- One is to think through the Ten Commandments and to see which have been broken (and if you aren't already aware, the Ten Commandments are about much more than not murdering or stealing). For example, "thou shalt not kill" encompasses "killing" someone with your words or even gestures. So, for example, if your needy three-year-old (ahem) received a withering look from you when she asked for another book to be read aloud after you had clearly stated it was the last one, or if your vocabulary when responding to your strident kindergartner was a little too colorful,
youI broke one of the commandments.
- Another method is to think through the seven deadly sins to see which one was a theme for the day: pride, perhaps, when your neighbor dropped by unexpectedly and the state of your house made you refrain from inviting her inside and thereby sin against charity. Wrath, maybe, depending on how many pee accidents, kid quarrels, and inadvertent pokes to your face happened that day.
- Yet another way to sort through the day is to think about yourself in relationship to those around you. We have a Christian duty to our parents, spouse, children, neighbor, parish, community ... and, well, to anyone else whom Our Lord sent to us that day. Did you love with an agape love -- that is, a love that freely bears inconvenience and discomfort for the benefit of others? At the end of the day, can you truly say that you put your husband before yourself? Did you remember to honor your parents? (Did you remember them at all today?) Did you sin against your kids? Did you scowl at the door-to-door salesman who rang your doorbell just as your 15-month-old settled down for her nap?
- Don't forget sins of omission. What you didn't do today can be even more hurtful to the heart of Jesus. Did you ignore someone in need? Did you miss an opportunity to show mercy? Did you take your husband for granted because you felt like you just didn't have one drop inside of you to give? Did you basically forget God today, rolling over in bed before you had said even a simple prayer of thanksgiving or adoration?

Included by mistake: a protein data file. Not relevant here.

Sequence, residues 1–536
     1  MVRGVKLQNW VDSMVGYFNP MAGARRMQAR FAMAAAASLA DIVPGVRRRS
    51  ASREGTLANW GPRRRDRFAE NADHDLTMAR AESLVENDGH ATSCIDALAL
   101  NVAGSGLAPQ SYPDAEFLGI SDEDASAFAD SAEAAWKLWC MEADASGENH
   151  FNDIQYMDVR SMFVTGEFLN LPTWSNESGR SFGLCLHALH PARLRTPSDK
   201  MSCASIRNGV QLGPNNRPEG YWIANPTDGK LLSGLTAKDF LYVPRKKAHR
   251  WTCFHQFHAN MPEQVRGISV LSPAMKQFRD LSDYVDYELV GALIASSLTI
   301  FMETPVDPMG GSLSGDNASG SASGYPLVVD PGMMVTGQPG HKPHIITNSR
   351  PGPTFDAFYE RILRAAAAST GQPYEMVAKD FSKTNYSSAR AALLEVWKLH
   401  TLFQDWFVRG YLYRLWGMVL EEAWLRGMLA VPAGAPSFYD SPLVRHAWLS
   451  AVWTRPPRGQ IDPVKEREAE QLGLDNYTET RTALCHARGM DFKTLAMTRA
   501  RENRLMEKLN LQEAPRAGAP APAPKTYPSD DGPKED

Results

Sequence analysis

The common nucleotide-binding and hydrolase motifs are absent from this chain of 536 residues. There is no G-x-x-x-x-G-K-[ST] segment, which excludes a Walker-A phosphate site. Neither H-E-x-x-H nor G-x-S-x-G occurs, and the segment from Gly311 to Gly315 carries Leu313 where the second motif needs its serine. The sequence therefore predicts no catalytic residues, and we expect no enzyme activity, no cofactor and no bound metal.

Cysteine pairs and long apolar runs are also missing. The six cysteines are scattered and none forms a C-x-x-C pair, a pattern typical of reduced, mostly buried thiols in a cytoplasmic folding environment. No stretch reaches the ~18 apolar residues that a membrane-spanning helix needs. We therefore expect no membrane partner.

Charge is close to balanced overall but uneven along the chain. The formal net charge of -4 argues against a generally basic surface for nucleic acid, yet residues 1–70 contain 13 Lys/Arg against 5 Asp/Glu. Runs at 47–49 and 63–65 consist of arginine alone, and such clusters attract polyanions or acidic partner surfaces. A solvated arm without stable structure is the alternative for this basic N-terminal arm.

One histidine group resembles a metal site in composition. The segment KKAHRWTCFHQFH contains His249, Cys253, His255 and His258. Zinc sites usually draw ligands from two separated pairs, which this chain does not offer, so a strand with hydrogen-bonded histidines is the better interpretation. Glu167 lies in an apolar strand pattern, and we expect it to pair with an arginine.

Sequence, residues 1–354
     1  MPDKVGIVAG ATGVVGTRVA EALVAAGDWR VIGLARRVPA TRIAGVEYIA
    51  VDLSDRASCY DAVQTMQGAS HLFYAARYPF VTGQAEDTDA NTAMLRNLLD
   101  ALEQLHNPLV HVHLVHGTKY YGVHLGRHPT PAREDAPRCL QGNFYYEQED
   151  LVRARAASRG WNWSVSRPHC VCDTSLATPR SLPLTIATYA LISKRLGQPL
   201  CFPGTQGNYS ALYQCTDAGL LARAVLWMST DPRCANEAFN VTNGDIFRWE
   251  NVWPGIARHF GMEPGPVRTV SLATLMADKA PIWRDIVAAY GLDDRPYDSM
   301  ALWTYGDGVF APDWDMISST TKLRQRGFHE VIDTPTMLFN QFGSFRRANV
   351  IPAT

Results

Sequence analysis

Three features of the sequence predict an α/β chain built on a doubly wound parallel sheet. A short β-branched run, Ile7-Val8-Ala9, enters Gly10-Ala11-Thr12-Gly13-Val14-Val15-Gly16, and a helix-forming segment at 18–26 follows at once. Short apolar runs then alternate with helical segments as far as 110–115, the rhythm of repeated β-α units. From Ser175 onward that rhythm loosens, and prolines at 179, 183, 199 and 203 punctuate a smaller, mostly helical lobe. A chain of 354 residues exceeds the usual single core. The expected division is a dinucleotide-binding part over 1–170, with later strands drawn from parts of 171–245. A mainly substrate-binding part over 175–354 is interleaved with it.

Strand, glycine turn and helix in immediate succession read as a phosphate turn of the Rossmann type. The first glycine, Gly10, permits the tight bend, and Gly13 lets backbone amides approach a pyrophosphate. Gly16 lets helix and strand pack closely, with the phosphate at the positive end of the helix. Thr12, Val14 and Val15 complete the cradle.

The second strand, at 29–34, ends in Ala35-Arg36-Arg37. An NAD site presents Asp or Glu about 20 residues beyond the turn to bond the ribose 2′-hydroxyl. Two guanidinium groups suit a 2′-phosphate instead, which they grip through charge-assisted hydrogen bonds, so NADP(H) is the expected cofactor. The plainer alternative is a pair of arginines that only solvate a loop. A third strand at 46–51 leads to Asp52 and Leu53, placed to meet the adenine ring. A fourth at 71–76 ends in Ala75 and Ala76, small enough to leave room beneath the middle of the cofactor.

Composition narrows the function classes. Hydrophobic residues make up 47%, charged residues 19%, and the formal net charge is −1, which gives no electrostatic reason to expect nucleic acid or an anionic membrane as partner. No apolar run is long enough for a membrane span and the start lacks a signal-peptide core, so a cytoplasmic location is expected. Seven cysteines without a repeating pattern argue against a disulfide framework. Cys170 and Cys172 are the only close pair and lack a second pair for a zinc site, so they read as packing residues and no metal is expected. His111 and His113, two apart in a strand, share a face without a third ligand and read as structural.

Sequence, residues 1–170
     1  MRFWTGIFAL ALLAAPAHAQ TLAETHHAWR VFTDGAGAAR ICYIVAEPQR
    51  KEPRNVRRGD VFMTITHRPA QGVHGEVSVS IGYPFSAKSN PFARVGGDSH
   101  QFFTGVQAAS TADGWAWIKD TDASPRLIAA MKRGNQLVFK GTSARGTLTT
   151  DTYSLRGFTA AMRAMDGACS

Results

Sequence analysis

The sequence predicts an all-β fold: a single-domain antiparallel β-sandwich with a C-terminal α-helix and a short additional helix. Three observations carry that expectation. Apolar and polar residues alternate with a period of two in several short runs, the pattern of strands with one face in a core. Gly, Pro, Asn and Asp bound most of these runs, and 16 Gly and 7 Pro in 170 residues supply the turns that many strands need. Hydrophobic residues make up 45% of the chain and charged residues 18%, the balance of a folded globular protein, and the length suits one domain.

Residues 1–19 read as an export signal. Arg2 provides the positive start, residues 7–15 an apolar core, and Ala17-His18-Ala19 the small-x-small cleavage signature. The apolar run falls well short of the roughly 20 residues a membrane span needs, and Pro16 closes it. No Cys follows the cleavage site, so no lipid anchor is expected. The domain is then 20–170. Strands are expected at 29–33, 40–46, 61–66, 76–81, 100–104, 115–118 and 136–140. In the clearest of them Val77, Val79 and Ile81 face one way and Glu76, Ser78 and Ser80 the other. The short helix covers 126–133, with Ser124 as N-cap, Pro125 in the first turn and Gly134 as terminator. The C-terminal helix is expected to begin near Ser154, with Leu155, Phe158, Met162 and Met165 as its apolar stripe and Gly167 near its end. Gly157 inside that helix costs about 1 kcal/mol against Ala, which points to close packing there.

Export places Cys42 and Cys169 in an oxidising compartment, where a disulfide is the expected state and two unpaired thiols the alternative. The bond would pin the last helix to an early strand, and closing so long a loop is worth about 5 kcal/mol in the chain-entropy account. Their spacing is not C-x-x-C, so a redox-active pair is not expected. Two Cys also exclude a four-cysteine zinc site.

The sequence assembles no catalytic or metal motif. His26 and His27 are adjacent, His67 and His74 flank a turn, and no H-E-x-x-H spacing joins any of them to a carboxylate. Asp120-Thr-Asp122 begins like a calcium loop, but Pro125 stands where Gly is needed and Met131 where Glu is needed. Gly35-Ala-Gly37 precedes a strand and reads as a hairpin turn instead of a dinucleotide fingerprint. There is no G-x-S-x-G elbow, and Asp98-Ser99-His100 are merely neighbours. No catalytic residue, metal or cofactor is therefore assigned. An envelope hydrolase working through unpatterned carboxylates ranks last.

- Our Psalm refrain at Mass one weekend was, "The Lord is kind and merciful, slow to anger, and rich in compassion." Well, about the third time I was singing this beautiful melody, a thought popped into my head (thanks, Holy Spirit). How would my kids complete the phrase "My mom is ..."? I think a perfectly valid examination of conscience would be to fill in the blanks for yourself at the end of the day. "My mom is quick-tempered, for-giv-ing of her own sins, but slow to shoooow mer-cy ..." I can hear my five little cherubs sing.
Copyright 2018 Amanda Woodiel
About the Author
Amanda Woodiel is a Catholic convert, a mother to five children ages 11 to 3, a slipshod housekeeper, an enamored wife, and a “good enough” homeschooler who believes that the circumstances of her life -- both good and bad -- are pregnant with grace. She leads a moms' group at her parish that focuses on simple and meaningful ways to live the liturgical year at home. Amanda blogs at In a Place of Grace.